The main document discusses what food security is, highlights the heterogeneity of food insecurity situations, and analyzes global trends in the related variables. Then, it focuses on price trends and price volatility and the implications for food security.
Given that background the main document moves first to the consideration of agriculture and development strategies for poverty alleviation and food security, and then discusses trade issues. In what follows the executive summary focuses on those two issues.
The importance of agriculture in lower income developing countries is undeniable due to the large percentage of the poor that live and work in agriculture and the positive multiplier effects of agriculture for the rest of the economy. But while recognizing that a strategy based on support to agricultural producers is generally appropriate for many developing countries, it is also crucial to consider the fate of poor consumers, both urban and rural, who may suffer from malnutrition and hunger. Poor households may spend as much as 70 percent of their income on food. Landless rural workers, poor urban households, and many poor small farmers tend to be net buyers of food, and there has been a steady shift in the locus of poverty in developing countries from rural to urban areas. Therefore there is a policy dilemma between high food prices that benefit food producers (other things equal), and low food prices that may help poor consumers. Any approach that deals with this dilemma must maintain a reasonably neutral system of price incentives and, at the same, promote investments in the agricultural sector and rural areas and generate employment opportunities for the poor.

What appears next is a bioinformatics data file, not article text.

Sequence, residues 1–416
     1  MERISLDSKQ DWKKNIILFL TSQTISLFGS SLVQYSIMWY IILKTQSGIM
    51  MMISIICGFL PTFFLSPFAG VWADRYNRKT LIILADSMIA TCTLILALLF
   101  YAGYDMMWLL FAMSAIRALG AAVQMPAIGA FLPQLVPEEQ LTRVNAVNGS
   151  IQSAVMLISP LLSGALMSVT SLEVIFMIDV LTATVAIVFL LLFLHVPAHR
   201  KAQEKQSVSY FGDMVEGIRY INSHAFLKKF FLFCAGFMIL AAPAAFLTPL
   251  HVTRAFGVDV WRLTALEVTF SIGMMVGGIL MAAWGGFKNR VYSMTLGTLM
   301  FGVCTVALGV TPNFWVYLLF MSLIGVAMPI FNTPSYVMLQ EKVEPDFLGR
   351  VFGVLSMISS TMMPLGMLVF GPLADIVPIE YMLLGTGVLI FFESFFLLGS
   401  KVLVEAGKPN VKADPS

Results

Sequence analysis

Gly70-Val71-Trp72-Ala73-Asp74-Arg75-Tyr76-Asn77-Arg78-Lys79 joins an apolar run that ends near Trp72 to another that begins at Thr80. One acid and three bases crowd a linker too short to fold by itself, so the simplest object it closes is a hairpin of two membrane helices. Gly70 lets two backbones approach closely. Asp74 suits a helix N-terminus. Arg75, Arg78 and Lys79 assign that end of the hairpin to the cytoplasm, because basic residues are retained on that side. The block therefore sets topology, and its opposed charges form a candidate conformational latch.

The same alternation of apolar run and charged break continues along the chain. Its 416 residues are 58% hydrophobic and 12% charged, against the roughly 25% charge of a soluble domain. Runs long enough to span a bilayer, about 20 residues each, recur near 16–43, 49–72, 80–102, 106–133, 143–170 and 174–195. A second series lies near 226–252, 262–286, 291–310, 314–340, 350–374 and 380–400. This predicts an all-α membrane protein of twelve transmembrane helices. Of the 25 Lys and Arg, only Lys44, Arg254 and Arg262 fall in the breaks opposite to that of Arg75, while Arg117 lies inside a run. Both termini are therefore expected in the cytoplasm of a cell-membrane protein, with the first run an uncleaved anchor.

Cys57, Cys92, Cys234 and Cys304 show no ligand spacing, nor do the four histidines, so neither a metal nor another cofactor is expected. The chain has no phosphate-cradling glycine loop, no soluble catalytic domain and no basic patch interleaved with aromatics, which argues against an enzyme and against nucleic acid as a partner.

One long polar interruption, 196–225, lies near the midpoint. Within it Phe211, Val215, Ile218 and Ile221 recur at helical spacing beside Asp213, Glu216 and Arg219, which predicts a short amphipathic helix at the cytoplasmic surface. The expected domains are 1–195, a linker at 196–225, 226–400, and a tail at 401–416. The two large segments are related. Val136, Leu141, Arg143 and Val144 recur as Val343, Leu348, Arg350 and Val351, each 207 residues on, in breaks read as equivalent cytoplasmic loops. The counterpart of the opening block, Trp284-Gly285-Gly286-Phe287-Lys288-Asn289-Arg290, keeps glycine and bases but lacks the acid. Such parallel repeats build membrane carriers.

The full document develops those topics in greater detail. The next question is what role may trade policies play in that context.